Great question! I’d stick to the plan laid out in the article and pay down the $30K loan with the higher interest rate–that’s my opinion. Here’s why: that tax deduction isn’t going anywhere. You will eventually end up deducting the $3200 (and more) as you pay down interest over the course of your repayment. Doing it now will just make the total repayment less efficient. You might like this article as well, which gives some more detail and examples: Chasing a Student Loan Tax Deduction Isn’t Worth It

      Good luck.

  • Hello Thomas,

    Stumbling to this website has given me a huge amount of insight towards student debt. I’ve read through most of the posts and I think I’m understanding the overall strategy you have towards approaching loans. However, I’d still like to ask for some clarification regarding my own student loans.

    I have approximately $55,000 in student loans from the same lending service (Great Lakes) in the form of 3 accounts. I recently graduated and but I’m still looking for employment. I have put in a request for deferment to my lender and am waiting to see if I am approved. If I’m correct, this means the government would pay interest until I can make payments. However, If I am not eligible for deferment, I might be eligible for forbearance in which payments are reduced or halted for I believe 12 months with interest accruing. I’ve been in close contact with my lender and I plan to start paying ASAP, so my questions are:

    1. Are forbearance/deferment the same as IBR? I remember my lender stating something along the lines of “if you make $0, you payment is $0 per month”

    2. While in deferment or forbearance,when I find employment, am I allowed to utilize the strategy of putting extra money towards the principle?

    3. If not, when is my account no longer considered in forbearance or deferment? When I can start making a certain payment amount?

    I have no problem living on a tight budget until I pay off my loans, even work two jobs. I plan to make bi weekly payments once I find my primary job and have that part figured out. I’m just unsure about what to do until then. Thank you in advance for any advice you can offer!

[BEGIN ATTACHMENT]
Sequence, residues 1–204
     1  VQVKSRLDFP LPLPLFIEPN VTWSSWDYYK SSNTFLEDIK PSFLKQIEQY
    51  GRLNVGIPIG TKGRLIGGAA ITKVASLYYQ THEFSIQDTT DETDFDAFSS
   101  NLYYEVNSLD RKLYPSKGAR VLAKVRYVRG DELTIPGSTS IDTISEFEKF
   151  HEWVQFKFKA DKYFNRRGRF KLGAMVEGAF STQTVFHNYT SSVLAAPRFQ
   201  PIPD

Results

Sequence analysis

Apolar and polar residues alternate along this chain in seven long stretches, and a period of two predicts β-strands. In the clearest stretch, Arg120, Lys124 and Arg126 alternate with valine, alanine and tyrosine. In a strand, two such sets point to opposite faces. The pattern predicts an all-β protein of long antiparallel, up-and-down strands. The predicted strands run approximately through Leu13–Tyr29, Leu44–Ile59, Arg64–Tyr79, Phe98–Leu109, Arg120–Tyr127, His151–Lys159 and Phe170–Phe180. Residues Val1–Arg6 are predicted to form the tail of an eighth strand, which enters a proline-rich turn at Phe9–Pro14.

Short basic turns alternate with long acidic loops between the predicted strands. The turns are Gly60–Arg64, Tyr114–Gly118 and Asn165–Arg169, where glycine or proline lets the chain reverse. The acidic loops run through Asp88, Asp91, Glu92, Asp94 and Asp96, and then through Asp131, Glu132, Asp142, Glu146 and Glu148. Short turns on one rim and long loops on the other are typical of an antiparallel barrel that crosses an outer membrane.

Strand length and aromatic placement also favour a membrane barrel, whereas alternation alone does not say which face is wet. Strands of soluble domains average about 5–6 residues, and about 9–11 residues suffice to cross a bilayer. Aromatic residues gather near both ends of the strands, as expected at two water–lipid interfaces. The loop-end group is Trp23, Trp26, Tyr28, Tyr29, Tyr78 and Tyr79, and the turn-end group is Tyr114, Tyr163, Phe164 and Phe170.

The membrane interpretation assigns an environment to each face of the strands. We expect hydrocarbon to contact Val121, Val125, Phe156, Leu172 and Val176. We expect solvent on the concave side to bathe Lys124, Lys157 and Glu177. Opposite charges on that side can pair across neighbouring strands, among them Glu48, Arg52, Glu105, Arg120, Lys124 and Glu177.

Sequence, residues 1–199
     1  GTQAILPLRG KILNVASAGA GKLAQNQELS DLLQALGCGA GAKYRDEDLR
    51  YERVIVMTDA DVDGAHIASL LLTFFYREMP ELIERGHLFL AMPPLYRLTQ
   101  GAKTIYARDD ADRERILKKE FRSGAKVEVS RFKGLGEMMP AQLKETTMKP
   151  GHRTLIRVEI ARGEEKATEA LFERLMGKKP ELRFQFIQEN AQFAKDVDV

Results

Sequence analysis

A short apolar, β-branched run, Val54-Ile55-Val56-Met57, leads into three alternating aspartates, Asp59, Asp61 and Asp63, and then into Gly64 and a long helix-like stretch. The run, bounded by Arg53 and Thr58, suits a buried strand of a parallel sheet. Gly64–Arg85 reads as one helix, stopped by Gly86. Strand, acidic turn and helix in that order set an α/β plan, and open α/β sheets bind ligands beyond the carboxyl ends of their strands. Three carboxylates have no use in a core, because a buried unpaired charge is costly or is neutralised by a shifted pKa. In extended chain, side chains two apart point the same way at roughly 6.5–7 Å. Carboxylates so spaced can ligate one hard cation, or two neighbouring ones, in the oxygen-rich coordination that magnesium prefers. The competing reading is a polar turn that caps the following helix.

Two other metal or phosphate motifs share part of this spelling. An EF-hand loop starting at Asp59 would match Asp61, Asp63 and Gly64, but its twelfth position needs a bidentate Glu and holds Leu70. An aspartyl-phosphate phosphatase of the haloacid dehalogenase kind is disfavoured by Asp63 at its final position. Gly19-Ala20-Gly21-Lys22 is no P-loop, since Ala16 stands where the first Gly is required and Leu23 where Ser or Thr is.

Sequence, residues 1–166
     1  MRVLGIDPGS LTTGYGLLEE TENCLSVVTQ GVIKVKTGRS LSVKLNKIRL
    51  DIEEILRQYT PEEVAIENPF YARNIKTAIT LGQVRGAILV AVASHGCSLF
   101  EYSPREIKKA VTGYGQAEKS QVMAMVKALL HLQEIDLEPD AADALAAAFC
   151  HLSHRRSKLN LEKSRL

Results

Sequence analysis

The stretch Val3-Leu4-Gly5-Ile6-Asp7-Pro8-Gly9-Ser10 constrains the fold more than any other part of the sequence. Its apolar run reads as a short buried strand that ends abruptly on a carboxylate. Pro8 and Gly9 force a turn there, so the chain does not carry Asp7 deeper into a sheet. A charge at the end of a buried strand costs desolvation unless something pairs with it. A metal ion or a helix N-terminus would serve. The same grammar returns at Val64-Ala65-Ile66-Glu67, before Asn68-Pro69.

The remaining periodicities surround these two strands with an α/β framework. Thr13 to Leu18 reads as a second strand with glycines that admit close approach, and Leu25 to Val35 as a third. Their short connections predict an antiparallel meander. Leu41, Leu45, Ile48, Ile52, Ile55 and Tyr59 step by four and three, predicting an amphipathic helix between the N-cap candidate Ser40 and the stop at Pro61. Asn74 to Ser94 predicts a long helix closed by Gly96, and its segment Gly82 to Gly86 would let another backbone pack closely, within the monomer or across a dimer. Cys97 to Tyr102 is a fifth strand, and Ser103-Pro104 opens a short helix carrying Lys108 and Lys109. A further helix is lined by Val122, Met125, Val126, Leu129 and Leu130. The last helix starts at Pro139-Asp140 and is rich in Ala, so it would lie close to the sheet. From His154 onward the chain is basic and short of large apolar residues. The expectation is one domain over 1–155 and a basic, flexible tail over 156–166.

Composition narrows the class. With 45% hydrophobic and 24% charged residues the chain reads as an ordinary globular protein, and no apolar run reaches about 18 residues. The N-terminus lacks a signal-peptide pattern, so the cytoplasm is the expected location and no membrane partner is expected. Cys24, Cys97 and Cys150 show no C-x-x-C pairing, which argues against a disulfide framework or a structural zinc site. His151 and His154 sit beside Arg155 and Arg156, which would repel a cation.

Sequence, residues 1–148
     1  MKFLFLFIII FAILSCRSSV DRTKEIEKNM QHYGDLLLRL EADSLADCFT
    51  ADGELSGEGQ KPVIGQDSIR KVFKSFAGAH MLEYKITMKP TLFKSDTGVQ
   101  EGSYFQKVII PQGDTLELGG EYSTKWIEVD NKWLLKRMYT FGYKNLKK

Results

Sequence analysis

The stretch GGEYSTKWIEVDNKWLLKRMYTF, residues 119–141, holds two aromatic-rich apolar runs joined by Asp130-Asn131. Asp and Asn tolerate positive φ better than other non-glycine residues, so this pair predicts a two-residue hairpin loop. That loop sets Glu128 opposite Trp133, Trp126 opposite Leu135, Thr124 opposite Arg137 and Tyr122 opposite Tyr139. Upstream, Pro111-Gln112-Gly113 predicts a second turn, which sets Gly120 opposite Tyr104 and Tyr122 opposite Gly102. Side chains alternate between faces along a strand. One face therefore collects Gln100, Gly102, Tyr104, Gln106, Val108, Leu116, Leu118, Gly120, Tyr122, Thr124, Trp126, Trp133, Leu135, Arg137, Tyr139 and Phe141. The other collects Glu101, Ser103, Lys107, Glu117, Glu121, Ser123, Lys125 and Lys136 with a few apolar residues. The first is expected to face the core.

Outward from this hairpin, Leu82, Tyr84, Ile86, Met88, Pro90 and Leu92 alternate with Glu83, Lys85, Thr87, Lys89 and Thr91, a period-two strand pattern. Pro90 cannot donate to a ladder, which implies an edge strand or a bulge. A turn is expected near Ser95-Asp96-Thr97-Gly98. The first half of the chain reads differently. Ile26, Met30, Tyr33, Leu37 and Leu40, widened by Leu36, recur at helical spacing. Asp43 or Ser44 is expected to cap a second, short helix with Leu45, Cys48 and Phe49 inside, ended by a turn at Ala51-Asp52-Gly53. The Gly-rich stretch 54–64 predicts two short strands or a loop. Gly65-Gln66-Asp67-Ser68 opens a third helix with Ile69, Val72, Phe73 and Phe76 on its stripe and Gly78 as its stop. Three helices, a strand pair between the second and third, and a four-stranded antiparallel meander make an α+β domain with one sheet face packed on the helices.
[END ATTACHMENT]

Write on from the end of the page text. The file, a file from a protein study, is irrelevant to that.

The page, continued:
• Thomas Bright

      Hey Chris–
      These are all great questions. Let me try to answer them along with some other clarifications:
      -You are responsible for interest that accrues during deferment/forbearance unless they are subsidized Stafford loans (in that case, you are right and the gov’t would cover the interest).
      -Forbearance/deferment isn’t the same as IBR, but does work similarly if you use it when unemployed. But let’s say you do get a job that pays $20K. That might not be enough income to make a $800 monthly loan payment (for example), so the IBR plan would help lower that payment.
      -Deferment is meant to be temporary. Once you find steady work you should come off deferment, and the lender might even require that.
      -This might vary by lender, but usually there is a maximum (12 months, for example). And again, you might have to end the program once you start making steady income.

      Hope that helps, and good luck!

  • Hi Thomas,

    Like previous posters have mentioned, your advice and article have been so helpful and bring up many valid points. Thank you for your insight. I currently owe about $49,000 in loans with the provider Nelnet. I have 3 groups of loans (A with a 3.4%, B with a 6.8%, C with 5.41% interest). I have been paying loans for about 6 months now and am on a graduated repayment plan. I have a steady job at the moment, but it is not full time. The loan provider applies extra money put towards a payment towards the interest first, rather than the principal amount. Based off of what I read, would it be best to try to pay more than the monthly payment towards the loan group with the 6.8% interest first and try to do bi-weekly payments? I’d appreciate any assistance you could offer.

    Thank you,

    • Thomas Bright

      Hey Kim,
      Glad you found the article to be helpful–and thanks for commenting. Yes, the method here would have you pay the 6.8% group first. Being able to pay more than the minimum payment is really the best thing you can do, and if you can split the payment up to be bi-weekly, then that’s even better.

      Good luck!

  • Hello Thomas,

    First of all, I wanted to say how helpful this post is! Your calculations are great for helping borrowers to understand the repayment process. Now, here is my situation: